And then, the group leader is kind and helpful, and considerably more so than the average Ontarian. So, I have no animosity towards her as she tells me all about different writing “platforms” but I have to admit that I find it all overwhelming. She reminds me of a patient niece explaining to her dim Uncle how to record an answering machine message. The gist of it all is that, if you want to be published today, literary agents are looking to see that you have a built-in “market” for your book, cultivated through social media or the Internet or some other media “platform”. Since I have written a book recently and am making half-hearted attempts to “pitch” it to literary agents, she’s trying to help me. I appreciate her efforts. But, since I’m largely clueless when it comes to such matters, it’s about like someone trying to explain fractions to their dog.

“One thing you might want to try is ZipZip,” she tells me. “It’s a new app that allows you to upload pictures of your notes so that your readers can vote on them.”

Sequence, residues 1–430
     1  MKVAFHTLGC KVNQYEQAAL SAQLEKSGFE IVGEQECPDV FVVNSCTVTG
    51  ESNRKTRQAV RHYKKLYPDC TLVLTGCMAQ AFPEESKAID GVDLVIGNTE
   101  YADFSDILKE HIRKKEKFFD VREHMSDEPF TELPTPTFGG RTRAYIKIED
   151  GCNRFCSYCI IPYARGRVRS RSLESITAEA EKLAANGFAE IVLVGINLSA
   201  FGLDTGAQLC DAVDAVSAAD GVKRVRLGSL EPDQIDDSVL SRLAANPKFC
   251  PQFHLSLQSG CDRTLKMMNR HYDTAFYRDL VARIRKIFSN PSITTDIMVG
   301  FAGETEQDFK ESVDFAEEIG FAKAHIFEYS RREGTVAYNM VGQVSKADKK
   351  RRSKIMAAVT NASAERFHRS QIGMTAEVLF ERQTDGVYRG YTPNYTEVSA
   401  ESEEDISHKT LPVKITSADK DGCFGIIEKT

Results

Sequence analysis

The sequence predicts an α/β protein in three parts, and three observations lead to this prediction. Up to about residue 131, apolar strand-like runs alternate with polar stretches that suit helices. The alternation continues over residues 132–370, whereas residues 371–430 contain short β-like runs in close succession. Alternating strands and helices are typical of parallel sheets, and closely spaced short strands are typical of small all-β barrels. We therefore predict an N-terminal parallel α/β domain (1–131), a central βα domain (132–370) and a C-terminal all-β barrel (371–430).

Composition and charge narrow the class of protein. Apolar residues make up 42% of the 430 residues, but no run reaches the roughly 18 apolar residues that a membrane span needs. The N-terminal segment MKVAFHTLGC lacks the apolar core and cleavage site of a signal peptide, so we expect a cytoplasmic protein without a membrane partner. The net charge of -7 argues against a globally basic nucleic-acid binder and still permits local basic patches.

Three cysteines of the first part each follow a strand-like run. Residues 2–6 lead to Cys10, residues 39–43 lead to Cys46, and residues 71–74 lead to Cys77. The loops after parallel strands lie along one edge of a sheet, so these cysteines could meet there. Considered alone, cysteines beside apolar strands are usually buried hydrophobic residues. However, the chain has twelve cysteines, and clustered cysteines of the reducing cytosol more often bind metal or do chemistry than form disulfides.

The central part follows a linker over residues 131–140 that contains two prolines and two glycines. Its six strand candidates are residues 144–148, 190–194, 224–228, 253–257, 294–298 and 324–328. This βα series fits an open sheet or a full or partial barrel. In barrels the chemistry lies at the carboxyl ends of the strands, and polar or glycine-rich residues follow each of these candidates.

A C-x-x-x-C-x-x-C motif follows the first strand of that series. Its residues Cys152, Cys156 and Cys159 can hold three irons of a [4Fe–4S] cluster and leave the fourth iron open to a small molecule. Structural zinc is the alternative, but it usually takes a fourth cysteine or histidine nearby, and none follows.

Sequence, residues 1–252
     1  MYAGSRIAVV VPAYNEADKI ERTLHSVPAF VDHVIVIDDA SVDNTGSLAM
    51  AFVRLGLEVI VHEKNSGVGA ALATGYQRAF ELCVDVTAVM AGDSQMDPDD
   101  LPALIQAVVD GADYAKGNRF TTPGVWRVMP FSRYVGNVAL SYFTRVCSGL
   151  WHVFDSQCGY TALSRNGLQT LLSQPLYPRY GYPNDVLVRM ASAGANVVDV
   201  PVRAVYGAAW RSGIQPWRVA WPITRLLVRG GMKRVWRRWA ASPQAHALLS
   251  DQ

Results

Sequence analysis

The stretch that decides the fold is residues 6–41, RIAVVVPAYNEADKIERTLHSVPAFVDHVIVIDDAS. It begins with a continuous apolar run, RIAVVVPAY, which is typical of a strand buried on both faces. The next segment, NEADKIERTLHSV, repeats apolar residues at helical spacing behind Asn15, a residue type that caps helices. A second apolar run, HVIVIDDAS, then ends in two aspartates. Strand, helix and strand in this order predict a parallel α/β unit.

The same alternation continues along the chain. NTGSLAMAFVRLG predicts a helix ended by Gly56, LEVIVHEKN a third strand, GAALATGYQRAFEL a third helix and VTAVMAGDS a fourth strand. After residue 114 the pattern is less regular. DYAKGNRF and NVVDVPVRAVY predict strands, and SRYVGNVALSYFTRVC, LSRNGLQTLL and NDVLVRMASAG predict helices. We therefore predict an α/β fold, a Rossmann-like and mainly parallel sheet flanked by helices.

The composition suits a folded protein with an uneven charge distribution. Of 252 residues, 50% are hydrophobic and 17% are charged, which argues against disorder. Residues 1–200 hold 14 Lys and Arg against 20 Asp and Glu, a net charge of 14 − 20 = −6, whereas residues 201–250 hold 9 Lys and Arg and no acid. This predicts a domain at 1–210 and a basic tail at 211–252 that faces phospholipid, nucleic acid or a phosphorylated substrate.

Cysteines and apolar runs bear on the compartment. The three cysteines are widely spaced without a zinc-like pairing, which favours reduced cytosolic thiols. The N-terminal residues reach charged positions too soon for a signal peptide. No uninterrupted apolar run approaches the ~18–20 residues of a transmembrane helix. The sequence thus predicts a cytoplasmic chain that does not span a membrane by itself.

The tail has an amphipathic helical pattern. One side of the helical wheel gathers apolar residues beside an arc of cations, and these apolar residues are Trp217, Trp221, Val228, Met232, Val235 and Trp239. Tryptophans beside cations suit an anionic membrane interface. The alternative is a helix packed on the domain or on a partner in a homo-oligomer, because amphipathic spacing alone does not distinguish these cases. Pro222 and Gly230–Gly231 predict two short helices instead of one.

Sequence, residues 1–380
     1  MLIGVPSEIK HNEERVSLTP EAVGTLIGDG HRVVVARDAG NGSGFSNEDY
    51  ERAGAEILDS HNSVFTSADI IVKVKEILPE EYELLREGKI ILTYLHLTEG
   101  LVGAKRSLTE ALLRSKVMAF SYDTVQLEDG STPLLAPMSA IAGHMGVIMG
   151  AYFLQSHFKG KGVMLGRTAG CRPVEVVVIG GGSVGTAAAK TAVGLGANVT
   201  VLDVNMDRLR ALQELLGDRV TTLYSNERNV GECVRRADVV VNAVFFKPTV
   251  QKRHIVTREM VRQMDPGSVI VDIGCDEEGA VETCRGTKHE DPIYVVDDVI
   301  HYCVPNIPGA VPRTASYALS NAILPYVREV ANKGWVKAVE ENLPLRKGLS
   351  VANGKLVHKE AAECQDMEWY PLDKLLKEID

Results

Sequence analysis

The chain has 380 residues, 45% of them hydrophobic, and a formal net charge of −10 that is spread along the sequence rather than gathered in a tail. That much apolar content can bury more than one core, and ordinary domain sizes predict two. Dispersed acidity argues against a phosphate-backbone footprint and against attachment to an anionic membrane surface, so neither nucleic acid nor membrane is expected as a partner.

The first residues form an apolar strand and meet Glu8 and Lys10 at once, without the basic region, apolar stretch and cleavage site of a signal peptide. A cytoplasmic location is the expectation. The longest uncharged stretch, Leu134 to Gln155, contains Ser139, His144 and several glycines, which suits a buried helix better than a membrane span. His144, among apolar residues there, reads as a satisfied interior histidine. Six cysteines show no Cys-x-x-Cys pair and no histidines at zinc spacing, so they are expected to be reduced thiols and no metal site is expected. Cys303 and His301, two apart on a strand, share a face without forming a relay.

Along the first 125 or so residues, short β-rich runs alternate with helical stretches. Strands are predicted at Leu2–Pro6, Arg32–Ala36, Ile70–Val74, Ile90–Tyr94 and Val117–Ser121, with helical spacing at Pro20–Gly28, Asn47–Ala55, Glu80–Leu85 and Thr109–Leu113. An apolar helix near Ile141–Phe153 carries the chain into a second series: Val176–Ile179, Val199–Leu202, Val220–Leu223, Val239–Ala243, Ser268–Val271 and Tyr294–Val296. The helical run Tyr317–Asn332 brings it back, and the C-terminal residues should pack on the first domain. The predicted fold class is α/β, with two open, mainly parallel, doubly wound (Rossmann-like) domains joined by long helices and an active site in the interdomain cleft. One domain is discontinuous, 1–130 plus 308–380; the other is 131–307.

“Okay, I’ll see…”

“Or, are you familiar with Floozle-Zorp? It’s a new social media interface that allows you to share your drafts with your audience as animated gifs. A lot of writers are using those on their homepages I’ve noticed. You have a homepage, right?”

“Uh… I’m thinking about getting one…”

“Oh, well you can do that for next to nothing with FlarpFlarp! Don’t worry! I’ll send you the link!”

Again, she’s trying to help and make conversation, but it all leaves me feeling a bit like a cat in a washing machine.

Writing is my mania. But there are these two manias that seem to have seized hold of nearly everyone I encounter now and they’re interrelated: the first is this technophilia and the second is this fixation on the presentation and advertisement of the self.

Admittedly, it might be where I live. Hamilton, Ontario has recently “branded” itself as “the Ambitious City” in an attempt to “attract” higher income workers and investors to come and drive out us flakes and deadbeats. They’ve got a PR campaign and advertisements and posters and things that help to clarify that they believe there are respectable ambitions and ones that don’t count. Starting a business, running a business, launching a restaurant, writing PR, or in some other way trying to make money, is the sort of “ambition” that the city officially smiles upon. Much of what is now expected of our local politicians amounts to advertising an image of the city. They’re pitchmen. This image of the city, in turn, promotes an image of its ambitious people – the ones who matter. It’s an advertising loop. People here talk all the time about hype and hyping and hyper-hyping.